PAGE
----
The NLC initially proposed a N56,000 minimum wage but later raised it to N66,500 which is the average of the wages arrived at under four categories: minimum wage for some African countries; analysis based on the minimum cost of providing basic needs; a living wage approach and analysis based on rising cost of living.
The long term sustainability of the proposed N56,000 has been questioned on certain grounds
Dolapo Ashiru, Managing Director, Asset Management at Lagos-based Mega Capital Financial Services Limited aptly stated, “Our minimum wage is a joke but presently we cannot afford the proposed new minimum wage.”
On his part, Soji Apampa, Chief Executive Officer of The Convention on Business Integrity cautioned stakeholders on the need to learn from history noting that when there was the 1976 Udoji awards, prices skyrocketed in the marketplace.
Fundamentally, the dilemma of a wage-price spiral will rear its ugly head in the scheme of things following the implementation of a new minimum wage. The problem is compounded given the weak industrial base of the country.
This ultimately will birth a situation whereby the real wage either deteriorates faster or remain unchanged depending on the speed of a rise in the general price level.
“If you say the proposed minimum wage is N56,000, that means every workers’ wage has to be re-calibrated in proportion to the hike from N18,000 to N56,000 so that there is no disparity between workers in different level. This is what makes the proposed new minimum wage unsustainable”, Apampa said.
The incessant vulnerabilities of the economic terrain to volatilities in key macroeconomic magnitudes such as the spiralling food prices exacerbated by widespread poverty; and the unstructured social safety net to cushion the effect of a low wage especially among poor households are pertinent factors that underpinned the hardship faced by Nigerian workers.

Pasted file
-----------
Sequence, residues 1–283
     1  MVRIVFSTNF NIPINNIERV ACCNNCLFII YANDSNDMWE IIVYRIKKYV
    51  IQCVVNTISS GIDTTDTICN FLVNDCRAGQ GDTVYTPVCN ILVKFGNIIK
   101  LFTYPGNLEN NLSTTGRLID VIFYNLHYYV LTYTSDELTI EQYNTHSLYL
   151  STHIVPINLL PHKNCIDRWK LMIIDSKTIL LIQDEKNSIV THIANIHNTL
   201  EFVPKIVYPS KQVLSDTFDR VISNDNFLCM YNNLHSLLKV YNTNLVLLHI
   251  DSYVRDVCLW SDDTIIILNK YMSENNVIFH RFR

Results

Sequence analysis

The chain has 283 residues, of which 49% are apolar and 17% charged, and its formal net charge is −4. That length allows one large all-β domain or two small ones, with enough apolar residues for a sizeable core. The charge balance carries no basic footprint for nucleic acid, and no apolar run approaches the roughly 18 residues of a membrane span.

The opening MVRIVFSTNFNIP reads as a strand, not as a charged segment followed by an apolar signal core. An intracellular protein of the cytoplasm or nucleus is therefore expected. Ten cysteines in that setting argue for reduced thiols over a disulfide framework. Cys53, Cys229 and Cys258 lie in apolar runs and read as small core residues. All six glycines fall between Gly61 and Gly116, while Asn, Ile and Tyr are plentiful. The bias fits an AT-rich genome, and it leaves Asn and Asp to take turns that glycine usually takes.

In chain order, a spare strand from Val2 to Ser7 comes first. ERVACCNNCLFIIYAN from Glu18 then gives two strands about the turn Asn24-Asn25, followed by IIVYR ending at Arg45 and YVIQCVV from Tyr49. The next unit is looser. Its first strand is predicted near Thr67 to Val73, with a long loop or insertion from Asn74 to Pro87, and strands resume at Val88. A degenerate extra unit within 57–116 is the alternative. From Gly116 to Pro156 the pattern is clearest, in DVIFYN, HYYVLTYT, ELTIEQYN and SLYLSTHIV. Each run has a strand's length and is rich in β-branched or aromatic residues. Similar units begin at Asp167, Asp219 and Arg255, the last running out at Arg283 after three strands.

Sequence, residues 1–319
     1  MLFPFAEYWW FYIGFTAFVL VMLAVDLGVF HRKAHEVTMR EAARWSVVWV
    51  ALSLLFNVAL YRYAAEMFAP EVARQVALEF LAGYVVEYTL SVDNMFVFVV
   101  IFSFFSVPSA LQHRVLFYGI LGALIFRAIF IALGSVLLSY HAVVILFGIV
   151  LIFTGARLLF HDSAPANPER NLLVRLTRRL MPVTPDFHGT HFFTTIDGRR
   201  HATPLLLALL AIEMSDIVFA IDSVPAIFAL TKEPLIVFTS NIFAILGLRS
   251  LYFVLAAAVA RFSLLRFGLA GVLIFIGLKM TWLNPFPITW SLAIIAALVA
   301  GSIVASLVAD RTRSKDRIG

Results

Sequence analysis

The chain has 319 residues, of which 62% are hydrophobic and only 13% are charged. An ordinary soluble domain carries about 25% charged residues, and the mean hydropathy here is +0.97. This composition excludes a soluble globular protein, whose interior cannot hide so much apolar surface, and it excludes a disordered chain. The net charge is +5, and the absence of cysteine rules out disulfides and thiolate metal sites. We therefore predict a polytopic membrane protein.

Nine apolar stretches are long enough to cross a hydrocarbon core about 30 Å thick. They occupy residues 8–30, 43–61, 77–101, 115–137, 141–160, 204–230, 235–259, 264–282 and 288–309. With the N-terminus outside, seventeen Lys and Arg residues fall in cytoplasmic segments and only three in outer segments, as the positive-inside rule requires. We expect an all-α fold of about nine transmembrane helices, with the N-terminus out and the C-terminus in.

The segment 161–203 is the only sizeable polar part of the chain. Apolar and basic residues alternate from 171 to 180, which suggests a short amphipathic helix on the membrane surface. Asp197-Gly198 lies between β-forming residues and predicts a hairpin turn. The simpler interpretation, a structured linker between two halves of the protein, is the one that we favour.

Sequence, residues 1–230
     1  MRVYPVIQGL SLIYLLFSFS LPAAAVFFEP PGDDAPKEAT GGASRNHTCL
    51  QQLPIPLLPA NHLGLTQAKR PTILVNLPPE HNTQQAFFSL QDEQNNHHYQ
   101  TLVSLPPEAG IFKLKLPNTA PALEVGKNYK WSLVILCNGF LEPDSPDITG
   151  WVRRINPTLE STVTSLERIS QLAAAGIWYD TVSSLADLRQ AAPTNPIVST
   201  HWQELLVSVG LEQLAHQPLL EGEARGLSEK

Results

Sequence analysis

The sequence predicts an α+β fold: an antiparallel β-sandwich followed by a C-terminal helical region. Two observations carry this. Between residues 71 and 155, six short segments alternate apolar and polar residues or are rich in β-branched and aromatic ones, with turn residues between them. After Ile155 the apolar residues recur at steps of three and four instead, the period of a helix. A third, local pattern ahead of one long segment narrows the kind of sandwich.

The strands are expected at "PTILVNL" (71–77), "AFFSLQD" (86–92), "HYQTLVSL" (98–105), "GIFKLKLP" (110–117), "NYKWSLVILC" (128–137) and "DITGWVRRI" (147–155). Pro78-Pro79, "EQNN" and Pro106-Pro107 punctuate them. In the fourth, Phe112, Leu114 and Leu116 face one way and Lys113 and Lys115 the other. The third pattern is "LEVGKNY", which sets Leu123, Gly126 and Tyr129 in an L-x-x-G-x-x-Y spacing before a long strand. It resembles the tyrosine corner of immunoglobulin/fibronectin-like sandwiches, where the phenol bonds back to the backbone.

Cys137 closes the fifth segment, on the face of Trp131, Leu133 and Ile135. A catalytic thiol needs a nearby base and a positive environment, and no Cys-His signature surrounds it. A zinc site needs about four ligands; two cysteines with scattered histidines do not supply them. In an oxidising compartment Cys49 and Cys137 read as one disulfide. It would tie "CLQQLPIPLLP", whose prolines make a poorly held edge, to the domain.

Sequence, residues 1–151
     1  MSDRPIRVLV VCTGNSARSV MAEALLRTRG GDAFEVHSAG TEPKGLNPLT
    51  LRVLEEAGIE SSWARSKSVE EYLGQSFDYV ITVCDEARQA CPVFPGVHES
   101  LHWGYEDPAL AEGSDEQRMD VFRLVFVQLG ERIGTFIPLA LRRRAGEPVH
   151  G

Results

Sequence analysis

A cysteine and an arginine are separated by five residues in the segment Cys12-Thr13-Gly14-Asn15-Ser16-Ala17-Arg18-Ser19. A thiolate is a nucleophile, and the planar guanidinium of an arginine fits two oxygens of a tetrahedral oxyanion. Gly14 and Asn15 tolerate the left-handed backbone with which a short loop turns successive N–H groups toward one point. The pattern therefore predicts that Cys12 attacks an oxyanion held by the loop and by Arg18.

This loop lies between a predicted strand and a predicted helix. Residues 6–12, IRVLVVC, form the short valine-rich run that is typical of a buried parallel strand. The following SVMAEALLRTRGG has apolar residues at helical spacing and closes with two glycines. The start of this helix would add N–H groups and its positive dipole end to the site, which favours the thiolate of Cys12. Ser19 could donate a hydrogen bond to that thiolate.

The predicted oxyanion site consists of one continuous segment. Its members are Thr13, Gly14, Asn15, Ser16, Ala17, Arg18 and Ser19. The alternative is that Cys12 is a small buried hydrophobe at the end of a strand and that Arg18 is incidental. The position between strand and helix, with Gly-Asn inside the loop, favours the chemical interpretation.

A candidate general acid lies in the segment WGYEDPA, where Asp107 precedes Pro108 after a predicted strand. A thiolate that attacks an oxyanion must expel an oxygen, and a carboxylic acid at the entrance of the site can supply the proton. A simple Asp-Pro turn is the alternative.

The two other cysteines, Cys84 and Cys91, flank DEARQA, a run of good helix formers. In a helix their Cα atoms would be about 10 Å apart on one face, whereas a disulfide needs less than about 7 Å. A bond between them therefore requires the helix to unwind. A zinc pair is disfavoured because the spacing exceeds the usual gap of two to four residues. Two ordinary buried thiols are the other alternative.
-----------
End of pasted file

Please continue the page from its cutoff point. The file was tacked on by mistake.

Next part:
However, the insolvency of states, which underpins their inability to pay is a critical stumbling block to achieving this lofty idea.
Using personnel cost figures from the annual reports of the CBN and based on the assumption that each of the employees received N18,000 minimum wage, BRIU estimated roughly, the total number of employees in the public service in each states.
Having obtained the population of public servants in each state, we multiplied the figure with the proposed minimum wage of N56,000 to arrive at the proposed personnel cost for public servants in the different states.
This was compared with the 2018 budgeted personnel costs of states to have a birds’ eye view of states’ capability to pay the proposed minimum wage when it comes on stream.
Given the fact that most state governments hide their budget from public domain for various reasons, we made do with states that publicized their budget.
Such states include Delta, Edo, Kaduna, Katsina, Kogi, Kwara, Lagos, Ondo and Plateau states.
Our analysis shows that none of the states can pay the proposed N56,000 minimum wage, not to talk of organized labour’s upward review of same to N66,500.
Lagos state, the nation’s nerve centre, recorded the lowest gap between the projected personnel cost and the budgeted personnel cost (N35billion) while Delta states had the highest difference to the tune of N194billion.
The possibility is high that some states that cloaked their budget from the public will have a big gulf between BRIU’s proposed personnel cost and budgeted cost.
“The long term solution is not predicated on wage increase. Elevating welfare is not a function of wages alone. This is a time to look at all the components in workers’ packages and change to a better package to ensure that all other things needed in the package are present even if the cash component is low”, Apampa said.
“We need to produce and improve public services because if there is good health insurance policy, scholarships and mass transit, cost of health, education and transportation will reduce and there would not be any need to clamour for wage increase”.
Execution of welfare laws that could have acted as shock absorbers is still very poor. Save for the Pension Reform Act (2004), implementation rate for such laws as the National Health Insurance Act, Universal Basic Education Act, and the National Housing Act etc. are at low ebb with minimal impact on workers’ welfare.
Unquestionably, the situation of workers in Nigeria is pathetic. It therefore becomes a matter of utmost importance for the relevant stakeholders: the government, labour leaders and activists, trade unions and even international labour movements to form a united front towards prioritizing the needs of workers across board.